Cover tightly and marinate, in the refrigerator, for 12 to 24 hours. Carefully un-mold terrine onto a platter and garnish with fresh basil prior to serving.

What’s for Breakfast? Sweetcorn Fritters With Roast Tomato.

Recipe of the Day

corn

This time when we returned from Canberra the boot of our car  was filled with plums, tomatoes, sweetcorn, spinach, sweet basil, capsicum, cucumbers and zucchini. All freshly picked from my father’s garden. And two enormous bunches of hydrangea in hues of pink, lilac and blue.

Our holidays are well and truly over and we are getting back into the swing of things. School might not start until next week, but my daughter is back into her swimming routine. I picked her up from the pool this morning. As usual she was absolutely ravenous. “What’s for breakfast?” she asked.

She particularly loves sweetcorn. Especially from her grandfather’s garden. Not surprisingly this is one of her favourite breakfasts. Sweetcorn fritters with roast tomato. Another classic from Bill Granger. It’s still on the menu at Bill’s Cafe. All day. Served with bacon. We decided to give the bacon a miss today. Putting the focus entirely on our beautifully fresh produce.Somehow things always taste better when you grow them yourself.

roasted tomato

Sweetcorn Fritters With Roast Tomato

Serves 4

For the roast tomatoes

4 ripe Roma tomatoes, sliced in half lengthways
4 tablespoons extra virgin olive oil
Sea salt
Freshly ground black pepper

For the fritters

1 cup plain  flour
1 teaspoon baking powder
1/4 teaspoon salt
1/4 teaspoon paprika
2 eggs
1/2 cup milk
2 cups fresh corn kernels from the cob
1/2 cup diced fresh capsicum (pepper)
1/2 cup sliced spring (green) onion
1/4 cup chopped coriander and parsley
4 tablespoons vegetable oil

For the roast tomatoes

PREHEAT the oven to 180 C. Place tomatoes on a baking tray cut side up,and drizzle with olive oil. Sprinkle liberally with sea salt and pepper.
ROAST in oven for 20 minutes.

For the fritters

SIFT flour, baking powder, salt and paprika into a large bowl and make a well in the centre.
IN a separate bowl, combine eggs, and milk.
GRADUALLY add the egg mixture to the dry ingredients and whisk until you have a smooth, lump-free batter. The batter will be quite stiff.
PLACE corn, capsicum, spring onion and herbs in a mixing bowl and add just enough of the batter to bind them.
HEAT 2 tablespoons vegetable oil in a non-stick frying pan on medium heat, then drop in 2 tablespoons of batter per fritter and cook 4 fritters at a time.
COOK for 2 minutes or until the underside of each fritter is golden. Turn over and cook fritters on the other side. Transfer to a plate and keep warm while cooking the remaining fritters.
SERVE with roast tomatoes and rocket.

Fall Salad: Roasted Pear, Pomegranate, and Gorgonzola with Maple Balsamic Vinaigrette

salad

If you’re looking for an easy, crowd-pleasing salad then here you go! The roasted pears add a nice twist, and the pomegranate seeds burst in your mouth. I buy the pomegranate seeds already packaged, but if you have the time you can meticulously de-seed the pomegranate. Don’t worry if you don’t know how to do that…I had to watch a You-Tube video! If you don’t like gorgonzola or blue cheese, you can easily substitute goat, feta, or Parmesan. You can also use candied walnuts or pecans, but the maple syrup in the dressing already adds a nice sweetness. Enjoy!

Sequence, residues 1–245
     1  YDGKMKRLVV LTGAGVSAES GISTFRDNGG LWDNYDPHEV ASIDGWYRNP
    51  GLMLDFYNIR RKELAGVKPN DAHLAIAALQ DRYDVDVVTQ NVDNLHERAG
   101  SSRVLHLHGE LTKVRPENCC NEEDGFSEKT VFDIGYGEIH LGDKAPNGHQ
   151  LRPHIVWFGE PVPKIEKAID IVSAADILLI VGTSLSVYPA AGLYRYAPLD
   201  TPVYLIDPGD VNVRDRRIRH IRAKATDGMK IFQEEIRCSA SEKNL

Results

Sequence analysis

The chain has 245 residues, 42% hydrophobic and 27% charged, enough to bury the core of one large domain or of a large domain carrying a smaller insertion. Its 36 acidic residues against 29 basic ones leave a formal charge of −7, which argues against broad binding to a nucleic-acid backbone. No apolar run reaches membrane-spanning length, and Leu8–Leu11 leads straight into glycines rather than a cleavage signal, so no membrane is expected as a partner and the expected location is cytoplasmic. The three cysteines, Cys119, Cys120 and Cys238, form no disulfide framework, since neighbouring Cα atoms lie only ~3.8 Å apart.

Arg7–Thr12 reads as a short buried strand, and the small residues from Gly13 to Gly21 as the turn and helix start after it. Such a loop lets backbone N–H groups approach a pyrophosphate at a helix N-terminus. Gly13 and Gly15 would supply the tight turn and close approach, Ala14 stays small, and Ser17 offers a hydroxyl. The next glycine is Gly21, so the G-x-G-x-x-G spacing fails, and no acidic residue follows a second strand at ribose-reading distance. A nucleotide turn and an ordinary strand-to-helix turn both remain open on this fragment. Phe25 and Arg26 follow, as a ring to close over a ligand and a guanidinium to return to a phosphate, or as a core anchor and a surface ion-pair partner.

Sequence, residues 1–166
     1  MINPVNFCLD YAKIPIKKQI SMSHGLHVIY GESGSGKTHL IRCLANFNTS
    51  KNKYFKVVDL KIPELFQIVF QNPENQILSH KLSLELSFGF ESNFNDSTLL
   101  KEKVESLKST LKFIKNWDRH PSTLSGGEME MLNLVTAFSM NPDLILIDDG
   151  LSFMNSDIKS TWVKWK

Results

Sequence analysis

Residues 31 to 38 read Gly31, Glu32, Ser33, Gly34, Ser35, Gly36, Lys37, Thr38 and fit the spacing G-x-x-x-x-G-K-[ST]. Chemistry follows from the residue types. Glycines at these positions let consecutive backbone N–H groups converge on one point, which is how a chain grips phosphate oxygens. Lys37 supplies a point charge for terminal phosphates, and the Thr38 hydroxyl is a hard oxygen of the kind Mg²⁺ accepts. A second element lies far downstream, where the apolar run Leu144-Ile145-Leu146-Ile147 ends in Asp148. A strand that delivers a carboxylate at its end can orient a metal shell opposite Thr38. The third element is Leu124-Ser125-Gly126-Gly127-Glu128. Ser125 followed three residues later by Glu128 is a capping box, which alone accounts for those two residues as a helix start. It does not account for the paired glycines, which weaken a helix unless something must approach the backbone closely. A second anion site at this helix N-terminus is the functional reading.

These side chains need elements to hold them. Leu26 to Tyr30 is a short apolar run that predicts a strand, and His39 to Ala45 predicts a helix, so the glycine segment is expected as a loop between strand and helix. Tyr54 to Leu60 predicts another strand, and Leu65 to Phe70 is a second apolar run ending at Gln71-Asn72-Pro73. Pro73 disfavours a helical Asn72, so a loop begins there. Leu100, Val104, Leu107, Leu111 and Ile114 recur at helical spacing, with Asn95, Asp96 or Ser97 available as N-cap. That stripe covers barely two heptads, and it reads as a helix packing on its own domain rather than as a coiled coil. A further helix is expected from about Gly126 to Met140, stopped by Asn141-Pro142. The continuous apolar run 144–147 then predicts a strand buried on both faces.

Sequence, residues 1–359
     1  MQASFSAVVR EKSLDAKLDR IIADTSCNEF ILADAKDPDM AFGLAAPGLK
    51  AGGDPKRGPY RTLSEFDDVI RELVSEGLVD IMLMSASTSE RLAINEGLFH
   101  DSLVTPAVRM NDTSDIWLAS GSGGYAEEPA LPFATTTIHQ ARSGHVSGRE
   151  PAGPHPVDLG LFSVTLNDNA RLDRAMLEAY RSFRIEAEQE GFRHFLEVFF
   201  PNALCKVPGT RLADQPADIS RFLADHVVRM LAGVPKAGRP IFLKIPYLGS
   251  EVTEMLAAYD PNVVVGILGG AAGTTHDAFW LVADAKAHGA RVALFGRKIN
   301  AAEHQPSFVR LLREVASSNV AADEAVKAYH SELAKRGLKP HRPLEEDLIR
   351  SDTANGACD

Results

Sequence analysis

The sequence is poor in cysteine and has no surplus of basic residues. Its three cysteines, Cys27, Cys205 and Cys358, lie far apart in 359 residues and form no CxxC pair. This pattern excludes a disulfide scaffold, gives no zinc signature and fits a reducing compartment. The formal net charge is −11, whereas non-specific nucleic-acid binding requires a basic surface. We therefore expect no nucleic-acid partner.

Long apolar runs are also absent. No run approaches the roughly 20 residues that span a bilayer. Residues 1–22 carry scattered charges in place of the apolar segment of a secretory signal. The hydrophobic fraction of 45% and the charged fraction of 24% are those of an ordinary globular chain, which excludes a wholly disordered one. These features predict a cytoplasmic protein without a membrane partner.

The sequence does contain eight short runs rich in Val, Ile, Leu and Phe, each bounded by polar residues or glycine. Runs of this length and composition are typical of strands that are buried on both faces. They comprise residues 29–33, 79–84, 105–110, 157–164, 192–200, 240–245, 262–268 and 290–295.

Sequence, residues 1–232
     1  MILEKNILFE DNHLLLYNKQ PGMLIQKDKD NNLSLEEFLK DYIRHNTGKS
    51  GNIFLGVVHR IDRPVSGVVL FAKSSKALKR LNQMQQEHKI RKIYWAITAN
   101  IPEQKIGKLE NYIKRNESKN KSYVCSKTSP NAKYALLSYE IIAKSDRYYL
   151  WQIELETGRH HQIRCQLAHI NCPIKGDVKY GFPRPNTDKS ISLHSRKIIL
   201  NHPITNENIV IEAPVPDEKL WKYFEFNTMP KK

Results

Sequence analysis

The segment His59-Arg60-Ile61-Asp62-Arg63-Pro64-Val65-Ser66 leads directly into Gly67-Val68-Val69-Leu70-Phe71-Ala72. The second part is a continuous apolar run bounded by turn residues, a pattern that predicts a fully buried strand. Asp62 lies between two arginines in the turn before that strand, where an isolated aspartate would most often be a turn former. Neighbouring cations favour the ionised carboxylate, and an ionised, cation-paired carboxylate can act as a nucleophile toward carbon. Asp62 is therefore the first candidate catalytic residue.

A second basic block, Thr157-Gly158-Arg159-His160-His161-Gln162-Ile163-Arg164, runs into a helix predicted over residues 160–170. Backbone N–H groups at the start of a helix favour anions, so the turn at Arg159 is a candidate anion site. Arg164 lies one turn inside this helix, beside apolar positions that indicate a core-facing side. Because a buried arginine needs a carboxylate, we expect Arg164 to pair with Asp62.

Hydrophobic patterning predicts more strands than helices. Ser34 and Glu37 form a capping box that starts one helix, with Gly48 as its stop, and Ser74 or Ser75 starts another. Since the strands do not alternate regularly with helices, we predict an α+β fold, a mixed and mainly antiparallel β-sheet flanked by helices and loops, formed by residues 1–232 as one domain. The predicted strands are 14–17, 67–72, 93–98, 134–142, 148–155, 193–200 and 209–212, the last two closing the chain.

Roasted Pear, Pomegranate, and Gorgonzola Salad with  Maple Balsamic Vinaigrette

Serves 4-6

Ingredients:

Roasted Pears:

  • 3 Anjou pears, quartered and cored
  • 1 tablespoon EVOO
  • 1 tablespoon sugar

Maple Balsamic Vinaigrette:

  • 1 shallot, finely chopped
  • 1 tablespoon dijon mustard
  • 4 tablespoons balsamic vinegar
  • 1/4 cup EVOO
  • 2 tablespoons maple syrup

Skirlie stuffed savoy cabbage – total comfort food

stuffed cabbage

I’m on a bit of a veg kick at the moment, when I’ve got loads of work on I tend to cut out meat, pasta and potatoes as I find it gives me much more energy and focus. Every Sunday, if I’m home, I head to my local car boot sale to buy the week’s veg from Maureen and Bridget. I’ve spoken of these two wonderful ladies quite often on here, they live just over the border in Lincolnshire and Bridget grows the most impressive veg and Maureen is the queen of pies, fruit vinegars and lemon curd.

The weather is dreary and wet today which leaves me craving comfort food. Off I went as usual in the driving rain to get my veg and came back with a mountain for less than £10: purple cauliflower, romanesco cauliflower, cavelo nero, green and purple kale, red cabbage, purple sprouting broccoli, bunched…

 

Farro salad with pomegranate

Fall salads made with farro arugula e pecorino cheese, rich in healthy ingredients

This is a farro salad rich in healthy ingredients as pomegranate seeds, arugula and extra virgin olive oil. This is one of my favorite fall recipes, because is a fresh meal and a rich source of dietary fiber. Pomegranate is a super food rich in antioxidants, vitamins and minerals, and it adds an elegant touch to the farro salad.

Serves 2-3

INGREDIENTS

100 g of whole grain farro or pearled farro (remember that whole grain farro is the richer in fiber content but it must be soaked for 12 hours prior to cooking)
30 g of arugula
40 g of pecorino cheese shavings
2 pomegranates
Salt.

Salad dressing

35 ml of pomegranate juice
2 tablespoons of extra virgin olive oil

PREPARATION

Cook farro in boiling salted water for 20- 25 minutes. Drain the farro and put it in a bowl, add a tablespoon of extra virgin olive oil. Stir and let the farro cool.

Fall salads made with farro arugula e pecorino cheese, rich in healthy ingredients

Cut a pomegranate in half, and remove all the seeds using your fingertips, discard the  white attached membranes.

With the second pomegranate prepare the juice using a manual juicer, as if you are squeezing  an orange.